Preliminary Voter Turnout Below Average in Anchorage Municipal Election
ANCHORAGE – While election officials reported unprecedented crowds at local polls Tuesday, preliminary turnout numbers are roughly four points below the municipality’s 20-year average.
With all but two precincts reporting Wednesday morning, nearly 27 percent of registered voters had cast their ballots by the time the polls closed the night before. The number stacks up favorably to turnouts four years ago, when only 23 percent of registered voters made an appearance. Four years prior, during the April 2006 election, 35 percent of registered voters cast a card.
The Municipal Clerk’s office said numbers reported last night don’t include early voting, questioned and absentee ballots. After multiple precincts reported running out of certain types of cards, Deputy Municipal Clerk Jaqueline Duke said her office received thousands of questioned ballots when voters were forced to use them as an alternative. In some precincts, voters reported being turned away altogether when there were no ballots left.
The situation prompted the Municipal Attorney’s office to look into the possibility of voter disenfranchisement and its impact on the validity of the election. The American Civil Liberties Union of Alaska has also set up a hotline for voters who have concerns about last night’s process.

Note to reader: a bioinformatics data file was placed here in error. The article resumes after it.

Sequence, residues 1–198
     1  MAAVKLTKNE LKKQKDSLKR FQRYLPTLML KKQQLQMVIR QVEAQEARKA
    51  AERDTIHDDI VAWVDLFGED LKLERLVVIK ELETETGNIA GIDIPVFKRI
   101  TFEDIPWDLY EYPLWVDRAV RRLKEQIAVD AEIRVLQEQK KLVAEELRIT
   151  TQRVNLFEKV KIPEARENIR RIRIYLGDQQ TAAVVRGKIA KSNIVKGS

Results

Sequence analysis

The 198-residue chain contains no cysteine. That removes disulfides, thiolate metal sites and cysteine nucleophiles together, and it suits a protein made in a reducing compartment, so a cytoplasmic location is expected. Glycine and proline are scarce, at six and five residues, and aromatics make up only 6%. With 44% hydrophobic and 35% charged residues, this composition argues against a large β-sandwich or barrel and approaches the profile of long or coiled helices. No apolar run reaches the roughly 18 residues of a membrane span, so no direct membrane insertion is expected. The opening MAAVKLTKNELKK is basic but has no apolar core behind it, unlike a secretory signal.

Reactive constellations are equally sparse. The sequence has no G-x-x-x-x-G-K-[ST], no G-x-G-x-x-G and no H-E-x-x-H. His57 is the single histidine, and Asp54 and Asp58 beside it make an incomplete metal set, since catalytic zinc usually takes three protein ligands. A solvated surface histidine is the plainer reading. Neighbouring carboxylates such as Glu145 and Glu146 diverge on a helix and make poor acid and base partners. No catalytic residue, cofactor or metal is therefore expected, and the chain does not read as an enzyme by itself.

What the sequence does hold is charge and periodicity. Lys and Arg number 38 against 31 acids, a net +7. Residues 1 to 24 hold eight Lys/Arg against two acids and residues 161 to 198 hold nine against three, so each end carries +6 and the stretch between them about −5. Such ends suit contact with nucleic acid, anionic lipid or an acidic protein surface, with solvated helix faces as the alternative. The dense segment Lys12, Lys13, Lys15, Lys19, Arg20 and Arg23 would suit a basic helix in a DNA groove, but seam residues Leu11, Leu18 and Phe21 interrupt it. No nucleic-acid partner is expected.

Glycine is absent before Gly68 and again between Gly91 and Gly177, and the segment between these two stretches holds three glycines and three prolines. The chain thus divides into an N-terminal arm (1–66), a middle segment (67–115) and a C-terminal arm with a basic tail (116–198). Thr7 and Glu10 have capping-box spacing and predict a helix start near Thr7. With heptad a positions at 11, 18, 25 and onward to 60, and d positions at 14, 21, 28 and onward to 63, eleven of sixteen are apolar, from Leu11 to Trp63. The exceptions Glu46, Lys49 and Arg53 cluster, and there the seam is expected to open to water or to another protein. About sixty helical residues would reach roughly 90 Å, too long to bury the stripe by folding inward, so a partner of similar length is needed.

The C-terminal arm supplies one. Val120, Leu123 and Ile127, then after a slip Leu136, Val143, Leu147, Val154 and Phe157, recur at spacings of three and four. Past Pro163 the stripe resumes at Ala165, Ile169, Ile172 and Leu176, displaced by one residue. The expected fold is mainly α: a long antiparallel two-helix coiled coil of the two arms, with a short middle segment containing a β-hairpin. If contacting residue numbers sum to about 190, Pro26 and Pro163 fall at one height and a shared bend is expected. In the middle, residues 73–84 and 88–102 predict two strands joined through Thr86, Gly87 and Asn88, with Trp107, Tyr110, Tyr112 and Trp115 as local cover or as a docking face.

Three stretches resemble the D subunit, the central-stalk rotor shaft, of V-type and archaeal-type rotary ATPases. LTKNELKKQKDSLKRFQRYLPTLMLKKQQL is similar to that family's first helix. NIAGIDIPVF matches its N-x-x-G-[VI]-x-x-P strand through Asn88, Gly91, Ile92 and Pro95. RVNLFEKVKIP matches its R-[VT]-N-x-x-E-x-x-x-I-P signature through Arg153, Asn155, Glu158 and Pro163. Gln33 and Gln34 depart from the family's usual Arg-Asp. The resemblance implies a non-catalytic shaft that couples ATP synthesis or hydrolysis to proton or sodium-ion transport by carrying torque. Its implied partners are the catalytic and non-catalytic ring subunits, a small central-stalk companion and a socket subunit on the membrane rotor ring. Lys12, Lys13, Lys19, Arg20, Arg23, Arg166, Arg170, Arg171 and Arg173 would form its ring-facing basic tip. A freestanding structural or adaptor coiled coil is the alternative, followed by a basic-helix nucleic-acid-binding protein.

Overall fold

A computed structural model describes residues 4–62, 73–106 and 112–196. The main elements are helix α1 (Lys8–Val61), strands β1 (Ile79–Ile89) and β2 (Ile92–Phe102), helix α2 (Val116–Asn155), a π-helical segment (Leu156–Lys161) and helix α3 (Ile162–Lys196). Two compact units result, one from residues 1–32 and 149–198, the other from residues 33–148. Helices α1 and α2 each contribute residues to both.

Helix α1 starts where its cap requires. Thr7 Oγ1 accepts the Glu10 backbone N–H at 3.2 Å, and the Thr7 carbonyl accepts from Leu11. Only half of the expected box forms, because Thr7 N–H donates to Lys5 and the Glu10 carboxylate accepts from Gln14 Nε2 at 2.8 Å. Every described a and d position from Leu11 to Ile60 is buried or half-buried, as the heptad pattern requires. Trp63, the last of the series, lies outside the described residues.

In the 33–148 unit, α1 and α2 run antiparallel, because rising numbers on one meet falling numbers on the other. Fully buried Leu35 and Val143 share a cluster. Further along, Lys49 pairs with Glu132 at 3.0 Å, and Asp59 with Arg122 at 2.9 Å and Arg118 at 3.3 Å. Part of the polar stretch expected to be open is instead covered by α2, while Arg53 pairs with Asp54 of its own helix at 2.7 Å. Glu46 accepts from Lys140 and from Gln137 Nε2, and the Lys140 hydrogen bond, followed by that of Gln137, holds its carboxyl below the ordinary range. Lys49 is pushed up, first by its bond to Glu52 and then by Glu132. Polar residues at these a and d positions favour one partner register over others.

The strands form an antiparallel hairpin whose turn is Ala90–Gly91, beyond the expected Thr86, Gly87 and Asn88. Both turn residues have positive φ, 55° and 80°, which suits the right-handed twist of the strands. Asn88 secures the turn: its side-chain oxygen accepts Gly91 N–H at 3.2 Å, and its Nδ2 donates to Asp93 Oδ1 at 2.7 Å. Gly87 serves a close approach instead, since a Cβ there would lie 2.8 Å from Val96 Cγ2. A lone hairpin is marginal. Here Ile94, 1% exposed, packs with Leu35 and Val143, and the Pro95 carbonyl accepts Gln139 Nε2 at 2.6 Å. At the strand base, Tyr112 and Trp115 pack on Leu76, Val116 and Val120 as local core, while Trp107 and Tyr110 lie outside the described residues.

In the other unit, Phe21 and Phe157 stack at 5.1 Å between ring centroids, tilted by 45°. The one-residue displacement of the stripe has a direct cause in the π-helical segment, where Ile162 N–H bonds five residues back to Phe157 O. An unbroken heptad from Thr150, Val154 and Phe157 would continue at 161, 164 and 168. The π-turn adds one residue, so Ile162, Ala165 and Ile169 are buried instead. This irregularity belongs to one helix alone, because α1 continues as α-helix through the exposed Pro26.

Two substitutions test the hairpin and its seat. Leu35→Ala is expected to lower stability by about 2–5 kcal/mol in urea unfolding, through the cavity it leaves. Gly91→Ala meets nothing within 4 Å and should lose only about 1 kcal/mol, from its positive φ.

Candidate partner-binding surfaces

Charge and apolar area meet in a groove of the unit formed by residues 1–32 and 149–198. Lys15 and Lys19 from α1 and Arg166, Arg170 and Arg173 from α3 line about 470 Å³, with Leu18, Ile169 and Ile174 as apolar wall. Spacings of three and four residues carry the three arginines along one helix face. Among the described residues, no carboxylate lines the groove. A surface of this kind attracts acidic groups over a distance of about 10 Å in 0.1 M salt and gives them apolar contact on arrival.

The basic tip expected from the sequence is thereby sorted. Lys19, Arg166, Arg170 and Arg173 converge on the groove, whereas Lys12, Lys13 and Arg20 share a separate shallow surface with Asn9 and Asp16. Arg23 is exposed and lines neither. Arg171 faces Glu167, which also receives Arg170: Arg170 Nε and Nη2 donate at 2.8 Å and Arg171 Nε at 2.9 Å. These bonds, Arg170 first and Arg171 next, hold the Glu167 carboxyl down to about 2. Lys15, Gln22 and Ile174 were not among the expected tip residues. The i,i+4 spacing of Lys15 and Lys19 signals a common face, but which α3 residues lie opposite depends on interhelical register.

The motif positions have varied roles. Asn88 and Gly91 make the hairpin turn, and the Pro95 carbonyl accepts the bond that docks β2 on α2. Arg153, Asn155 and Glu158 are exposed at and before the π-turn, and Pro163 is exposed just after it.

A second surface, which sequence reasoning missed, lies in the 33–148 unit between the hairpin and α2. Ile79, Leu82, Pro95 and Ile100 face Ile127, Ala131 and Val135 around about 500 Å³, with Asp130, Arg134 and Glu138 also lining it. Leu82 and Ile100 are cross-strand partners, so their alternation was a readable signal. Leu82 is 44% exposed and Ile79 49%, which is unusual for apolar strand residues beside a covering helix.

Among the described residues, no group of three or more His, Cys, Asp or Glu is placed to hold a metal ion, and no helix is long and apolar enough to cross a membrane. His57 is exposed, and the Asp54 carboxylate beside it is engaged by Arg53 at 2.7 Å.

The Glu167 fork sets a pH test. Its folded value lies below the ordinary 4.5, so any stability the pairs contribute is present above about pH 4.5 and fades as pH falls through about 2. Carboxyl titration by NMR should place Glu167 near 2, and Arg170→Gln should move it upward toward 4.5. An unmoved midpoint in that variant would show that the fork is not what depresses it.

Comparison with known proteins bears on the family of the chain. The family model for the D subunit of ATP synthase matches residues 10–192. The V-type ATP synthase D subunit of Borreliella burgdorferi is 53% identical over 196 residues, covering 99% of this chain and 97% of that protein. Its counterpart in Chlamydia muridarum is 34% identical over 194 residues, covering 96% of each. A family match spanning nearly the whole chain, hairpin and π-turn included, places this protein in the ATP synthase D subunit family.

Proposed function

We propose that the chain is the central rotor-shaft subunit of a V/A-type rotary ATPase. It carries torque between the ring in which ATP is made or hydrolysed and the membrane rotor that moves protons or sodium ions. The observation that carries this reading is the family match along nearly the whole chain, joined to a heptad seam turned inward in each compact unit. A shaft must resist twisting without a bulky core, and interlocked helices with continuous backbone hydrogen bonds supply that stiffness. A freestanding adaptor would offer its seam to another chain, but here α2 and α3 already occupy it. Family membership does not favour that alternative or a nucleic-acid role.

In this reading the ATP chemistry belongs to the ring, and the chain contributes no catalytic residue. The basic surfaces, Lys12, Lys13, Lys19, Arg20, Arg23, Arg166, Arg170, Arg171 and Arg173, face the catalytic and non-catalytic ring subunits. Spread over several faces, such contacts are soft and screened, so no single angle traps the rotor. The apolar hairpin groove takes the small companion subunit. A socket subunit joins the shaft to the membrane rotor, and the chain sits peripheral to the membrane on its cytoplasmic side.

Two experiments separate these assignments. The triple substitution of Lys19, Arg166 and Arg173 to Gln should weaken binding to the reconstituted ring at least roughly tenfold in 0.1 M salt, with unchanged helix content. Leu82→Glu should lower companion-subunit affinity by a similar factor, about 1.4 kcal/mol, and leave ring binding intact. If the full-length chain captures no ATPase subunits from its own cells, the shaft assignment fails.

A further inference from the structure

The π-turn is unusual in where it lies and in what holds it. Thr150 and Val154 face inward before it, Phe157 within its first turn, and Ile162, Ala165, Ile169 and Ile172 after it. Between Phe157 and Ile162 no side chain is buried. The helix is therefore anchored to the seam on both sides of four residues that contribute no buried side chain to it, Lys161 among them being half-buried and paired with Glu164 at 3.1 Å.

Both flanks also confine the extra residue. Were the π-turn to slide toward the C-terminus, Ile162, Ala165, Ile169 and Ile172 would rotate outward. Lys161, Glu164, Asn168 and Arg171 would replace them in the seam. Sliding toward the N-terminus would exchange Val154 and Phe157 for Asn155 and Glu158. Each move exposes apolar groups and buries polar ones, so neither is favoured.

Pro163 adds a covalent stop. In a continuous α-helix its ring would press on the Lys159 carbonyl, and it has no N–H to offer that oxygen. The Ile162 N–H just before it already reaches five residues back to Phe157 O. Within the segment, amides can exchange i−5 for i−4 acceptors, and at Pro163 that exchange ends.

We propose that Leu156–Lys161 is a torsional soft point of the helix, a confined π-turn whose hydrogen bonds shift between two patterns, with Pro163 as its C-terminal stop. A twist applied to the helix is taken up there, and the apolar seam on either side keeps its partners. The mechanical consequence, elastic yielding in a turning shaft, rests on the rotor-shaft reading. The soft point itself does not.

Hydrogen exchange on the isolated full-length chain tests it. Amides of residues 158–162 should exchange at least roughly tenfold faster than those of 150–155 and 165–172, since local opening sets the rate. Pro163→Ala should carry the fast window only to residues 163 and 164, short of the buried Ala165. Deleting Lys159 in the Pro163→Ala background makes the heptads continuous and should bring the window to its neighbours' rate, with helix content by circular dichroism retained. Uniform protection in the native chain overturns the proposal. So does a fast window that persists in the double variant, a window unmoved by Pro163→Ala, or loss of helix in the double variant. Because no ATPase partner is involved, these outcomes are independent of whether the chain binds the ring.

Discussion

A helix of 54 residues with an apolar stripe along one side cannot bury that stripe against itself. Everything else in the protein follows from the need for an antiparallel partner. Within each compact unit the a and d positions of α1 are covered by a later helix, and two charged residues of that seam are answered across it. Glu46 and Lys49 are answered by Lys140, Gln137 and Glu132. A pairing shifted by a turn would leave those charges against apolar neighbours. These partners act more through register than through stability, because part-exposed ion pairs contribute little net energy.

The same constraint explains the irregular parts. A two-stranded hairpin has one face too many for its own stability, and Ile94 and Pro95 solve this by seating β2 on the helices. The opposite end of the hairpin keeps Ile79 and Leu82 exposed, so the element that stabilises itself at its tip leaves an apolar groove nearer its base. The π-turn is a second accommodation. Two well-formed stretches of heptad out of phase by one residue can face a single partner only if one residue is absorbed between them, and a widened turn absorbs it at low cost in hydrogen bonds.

Ballot shortages weren’t the only issue effecting the total count: Misinformation passed along by opponents of Proposition 5 told people they could register to vote at polling places Tuesday, contrary to municipal law requiring voters to register 30 days prior to the election.
The Municipal Clerk’s office reported 121 ballots were cast by last-minute registrants yesterday, and they will “likely not have their votes counted.”
As it stands, results reveal a win for incumbent Mayor Dan Sullivan, with nearly 60 percent of the vote, compared to 38 percent cast for challenger Paul Honeman. School board candidates Kathleen Plunkett, Tam Agosti-Gisler and Natasha Von Imhof unofficially won their seats with at least 15 percent leads over other candidates.
Proposition 1, a nearly $60 million bond for area schools, passed with more than 57 percent of the vote, and the $27 million service area bond detailed in proposition 2 passed with nearly 65 percent. A nearly $3 million bond for local park renovations passed with nearly 50 percent of the total vote, and a $1.5 million bond for emergency services and public transportation passed with nearly 66 percent of the vote.
More than 58 percent of voters said no to proposition 5, which would have included sexual orientation and transgender identity to the list of classes legally protected from discrimination. Proposition 7, a property tax exemption for spouses of U.S military men and women killed on duty, passed with more than 75 percent of the vote.
The Municipal Clerk’s office is in the process of finalizing, organizing and counting absentee and questioned ballots, and a final decision and count will be made at a public canvass scheduled for April 11.